Kavanaugh Wanted Prosecutors To Ask Clinton Sexually Graphic Questions

Documents show that President Donald Trump's Supreme Court nominee Brett Kavanaugh wrote graphic questions for prosecutors to ask President Bill Clinton during his televised testimony.

President Donald Trump’s Supreme Court nominee Brett Kavanaugh wrote a list of sexually-graphic questions he believed prosecutors should ask President Bill Clinton during his televised testimony on Aug. 17, 1998.

At the time, Kavanaugh served as associate counsel to independent counsel Kenneth Starr, who was heading the Department of Justice’s investigation into Clinton’s affair with former White House intern Monica Lewinsky.

Despite writing that he opposed giving the president “any break” in the document titled “Slack for the President?,” Kavanaugh later stated that sitting presidents shouldn’t be indicted while in office.

During a panel discussion at Georgetown University in 1998, he questioned whether having a special counsel investigating a sitting president was even constitutional.

"I tend to think it has to be the Congress, because of the kind of attacks that we've seen recently," Kavanaugh said at the time, referencing Clinton allies’ attacks against the investigation. "It is war, and if it's going to be be war, it's got to be Congress and not an isolated prosecutor appointed by a panel of three judges we've never heard of."

In 2009, Kavanaugh wrote a law review article making the case that a sitting president should be impeached, and not subject to civil litigation or criminal investigation.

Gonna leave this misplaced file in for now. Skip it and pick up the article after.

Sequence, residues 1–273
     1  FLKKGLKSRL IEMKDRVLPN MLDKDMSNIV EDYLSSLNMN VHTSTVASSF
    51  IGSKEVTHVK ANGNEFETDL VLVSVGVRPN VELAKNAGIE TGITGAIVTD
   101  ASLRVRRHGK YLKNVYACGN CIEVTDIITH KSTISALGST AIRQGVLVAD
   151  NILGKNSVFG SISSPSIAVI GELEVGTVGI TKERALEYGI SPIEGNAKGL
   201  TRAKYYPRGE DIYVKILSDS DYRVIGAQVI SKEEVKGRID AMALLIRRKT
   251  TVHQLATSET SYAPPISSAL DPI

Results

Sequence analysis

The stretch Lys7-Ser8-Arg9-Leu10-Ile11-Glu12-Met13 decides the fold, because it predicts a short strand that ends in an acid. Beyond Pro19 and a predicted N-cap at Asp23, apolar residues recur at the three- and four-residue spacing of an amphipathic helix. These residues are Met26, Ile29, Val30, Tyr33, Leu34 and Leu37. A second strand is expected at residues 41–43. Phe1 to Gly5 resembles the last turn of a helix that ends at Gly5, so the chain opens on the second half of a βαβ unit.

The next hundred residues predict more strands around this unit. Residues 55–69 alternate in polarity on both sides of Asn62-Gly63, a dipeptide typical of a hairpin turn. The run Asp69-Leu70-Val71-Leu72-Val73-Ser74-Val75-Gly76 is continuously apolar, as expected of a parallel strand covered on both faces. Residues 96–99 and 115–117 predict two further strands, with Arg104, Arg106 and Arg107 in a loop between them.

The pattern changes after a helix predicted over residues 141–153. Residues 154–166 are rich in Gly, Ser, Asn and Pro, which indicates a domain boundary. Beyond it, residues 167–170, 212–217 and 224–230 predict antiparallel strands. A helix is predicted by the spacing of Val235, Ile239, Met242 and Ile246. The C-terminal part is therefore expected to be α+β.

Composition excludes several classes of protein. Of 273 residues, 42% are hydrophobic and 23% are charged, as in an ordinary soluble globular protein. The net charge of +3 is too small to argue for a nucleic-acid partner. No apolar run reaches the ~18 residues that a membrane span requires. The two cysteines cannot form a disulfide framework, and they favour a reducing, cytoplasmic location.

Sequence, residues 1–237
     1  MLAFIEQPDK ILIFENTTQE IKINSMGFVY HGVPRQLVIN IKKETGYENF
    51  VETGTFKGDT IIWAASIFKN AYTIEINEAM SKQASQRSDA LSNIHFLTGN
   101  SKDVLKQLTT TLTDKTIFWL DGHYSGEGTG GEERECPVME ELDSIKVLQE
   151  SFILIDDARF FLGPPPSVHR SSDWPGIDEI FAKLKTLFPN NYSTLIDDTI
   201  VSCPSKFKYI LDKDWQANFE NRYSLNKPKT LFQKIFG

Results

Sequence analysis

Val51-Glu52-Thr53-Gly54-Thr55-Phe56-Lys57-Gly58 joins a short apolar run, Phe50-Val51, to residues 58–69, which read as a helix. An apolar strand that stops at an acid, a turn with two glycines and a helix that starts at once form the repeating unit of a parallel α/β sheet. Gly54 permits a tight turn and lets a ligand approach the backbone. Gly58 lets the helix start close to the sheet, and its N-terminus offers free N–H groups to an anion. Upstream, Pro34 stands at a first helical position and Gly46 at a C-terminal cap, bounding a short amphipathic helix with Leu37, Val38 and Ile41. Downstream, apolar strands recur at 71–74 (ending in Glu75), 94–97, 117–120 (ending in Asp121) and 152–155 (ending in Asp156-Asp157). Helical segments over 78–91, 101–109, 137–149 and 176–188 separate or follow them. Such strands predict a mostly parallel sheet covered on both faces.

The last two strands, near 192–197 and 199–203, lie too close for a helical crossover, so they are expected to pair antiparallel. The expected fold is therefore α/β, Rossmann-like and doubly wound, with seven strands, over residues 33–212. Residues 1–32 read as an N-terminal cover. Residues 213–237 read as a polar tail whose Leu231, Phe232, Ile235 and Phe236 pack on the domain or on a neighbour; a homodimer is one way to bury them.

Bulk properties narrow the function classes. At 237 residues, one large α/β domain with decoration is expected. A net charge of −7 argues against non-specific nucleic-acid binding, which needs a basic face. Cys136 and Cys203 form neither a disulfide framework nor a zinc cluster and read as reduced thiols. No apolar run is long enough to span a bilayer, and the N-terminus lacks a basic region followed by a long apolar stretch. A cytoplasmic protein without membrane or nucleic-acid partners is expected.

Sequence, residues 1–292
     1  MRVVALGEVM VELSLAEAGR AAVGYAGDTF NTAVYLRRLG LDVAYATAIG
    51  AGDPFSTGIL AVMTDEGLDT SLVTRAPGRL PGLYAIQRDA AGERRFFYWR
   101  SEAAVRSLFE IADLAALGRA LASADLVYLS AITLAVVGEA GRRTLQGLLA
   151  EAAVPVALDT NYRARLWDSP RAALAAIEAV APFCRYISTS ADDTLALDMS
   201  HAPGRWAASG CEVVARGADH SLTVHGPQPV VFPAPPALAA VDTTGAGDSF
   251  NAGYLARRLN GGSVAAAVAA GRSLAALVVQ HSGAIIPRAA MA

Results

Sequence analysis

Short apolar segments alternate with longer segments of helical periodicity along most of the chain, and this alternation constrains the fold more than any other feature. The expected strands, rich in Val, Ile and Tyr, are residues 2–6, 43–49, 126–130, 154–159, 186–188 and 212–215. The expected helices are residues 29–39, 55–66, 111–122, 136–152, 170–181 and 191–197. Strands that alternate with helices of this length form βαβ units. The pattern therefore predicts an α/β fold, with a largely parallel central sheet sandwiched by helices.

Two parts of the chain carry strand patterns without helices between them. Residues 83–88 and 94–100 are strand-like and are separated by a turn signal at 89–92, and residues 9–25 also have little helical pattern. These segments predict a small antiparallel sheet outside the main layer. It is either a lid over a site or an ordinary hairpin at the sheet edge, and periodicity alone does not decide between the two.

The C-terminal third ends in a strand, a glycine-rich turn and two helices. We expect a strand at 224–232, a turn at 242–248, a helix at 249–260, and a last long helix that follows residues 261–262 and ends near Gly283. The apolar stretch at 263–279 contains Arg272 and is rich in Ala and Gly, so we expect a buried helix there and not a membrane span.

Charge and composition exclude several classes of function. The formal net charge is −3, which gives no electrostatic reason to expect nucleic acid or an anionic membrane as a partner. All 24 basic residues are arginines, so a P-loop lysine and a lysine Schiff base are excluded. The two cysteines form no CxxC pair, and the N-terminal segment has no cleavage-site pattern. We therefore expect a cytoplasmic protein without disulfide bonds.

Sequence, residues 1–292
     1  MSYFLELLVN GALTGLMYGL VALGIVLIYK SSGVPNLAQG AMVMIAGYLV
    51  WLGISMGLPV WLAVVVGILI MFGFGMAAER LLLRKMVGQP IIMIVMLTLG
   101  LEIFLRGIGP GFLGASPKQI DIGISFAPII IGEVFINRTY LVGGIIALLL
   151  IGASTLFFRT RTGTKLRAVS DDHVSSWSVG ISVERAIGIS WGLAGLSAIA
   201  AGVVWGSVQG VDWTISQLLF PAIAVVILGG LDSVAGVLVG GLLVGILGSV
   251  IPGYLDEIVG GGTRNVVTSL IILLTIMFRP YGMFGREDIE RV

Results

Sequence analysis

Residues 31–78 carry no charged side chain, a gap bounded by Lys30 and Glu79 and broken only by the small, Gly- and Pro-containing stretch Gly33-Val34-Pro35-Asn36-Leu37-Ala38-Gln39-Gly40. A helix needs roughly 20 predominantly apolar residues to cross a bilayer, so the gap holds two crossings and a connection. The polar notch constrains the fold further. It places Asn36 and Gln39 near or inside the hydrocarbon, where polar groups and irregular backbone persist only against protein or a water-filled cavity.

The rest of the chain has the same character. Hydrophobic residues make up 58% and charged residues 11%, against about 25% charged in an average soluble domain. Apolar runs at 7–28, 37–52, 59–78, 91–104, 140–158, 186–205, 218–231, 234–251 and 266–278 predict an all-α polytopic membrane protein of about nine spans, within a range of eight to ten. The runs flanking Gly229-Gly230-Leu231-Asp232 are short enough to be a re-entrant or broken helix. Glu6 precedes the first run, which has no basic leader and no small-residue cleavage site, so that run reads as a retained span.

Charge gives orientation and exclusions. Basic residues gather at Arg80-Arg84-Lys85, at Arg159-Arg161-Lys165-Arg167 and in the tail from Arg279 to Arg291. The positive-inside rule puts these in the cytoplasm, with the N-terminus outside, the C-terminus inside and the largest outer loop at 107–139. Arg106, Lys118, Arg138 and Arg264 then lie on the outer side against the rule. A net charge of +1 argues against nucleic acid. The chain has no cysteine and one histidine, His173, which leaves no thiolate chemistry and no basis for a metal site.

"This is not something I necessarily thought in the 1980s or 1990s," Kavanaugh wrote. "Like many Americans at that time, I believed that the President should be required to shoulder the same obligations that we all carry. But in retrospect, that seems a mistake. Looking back to the late 1990s, for example, the nation certainly would have been better off if President Clinton could have focused on Osama bin Laden without being distracted by the Paula Jones sexual harassment case and its criminal investigation offshoots."

He then added that "No single prosecutor, judge, or jury should be able to accomplish what the Constitution assigns to the Congress,” meaning that only an impeachment process would do in the case the president did something "dastardly."

With Kavanaugh’s confirmation hearings in the Senate scheduled to begin on Sept. 4, the release of these documents will surely force lawmakers to question the judge’s contradictory claims. Worse yet, the graphic nature of the questions suggested by Kavanaugh may prompt senators to doubt the judge will act fairly while overseeing Supreme Court cases, considering he may have been biased against Clinton because of his politics.

On Twitter, users were clearly upset at how hypocritical Kavanaugh seems, and how Trump also appears to ignore Kavanaugh’s involvement in the partisan investigation into Clinton while attacking special counsel Robert Mueller’s probe because of partisanship.

Many people questioned whether we should be using the same line of questioning on Trump regarding his alleged affair with Stormy Daniels.

It will be tough for Kavanaugh to survive his confirmation hearings without seeming like he flip-flopped on his approach to constitutional law if he was both involved in investigating a sitting president while claiming he believed that presidents shouldn’t investigated.

While Trump may have picked Kavanaugh precisely because he wrote about his opposition to indicting a sitting president, Kavanaugh's actions show he may be OK with the practice so long as the sitting president is a Democrat. But playing the favoritism game does not look good on a Supreme Court Justice, not that it matters to Trump.

Banner and thumbnail image credit: Reuters/Yuri Gripas Reuters/Joshua Roberts

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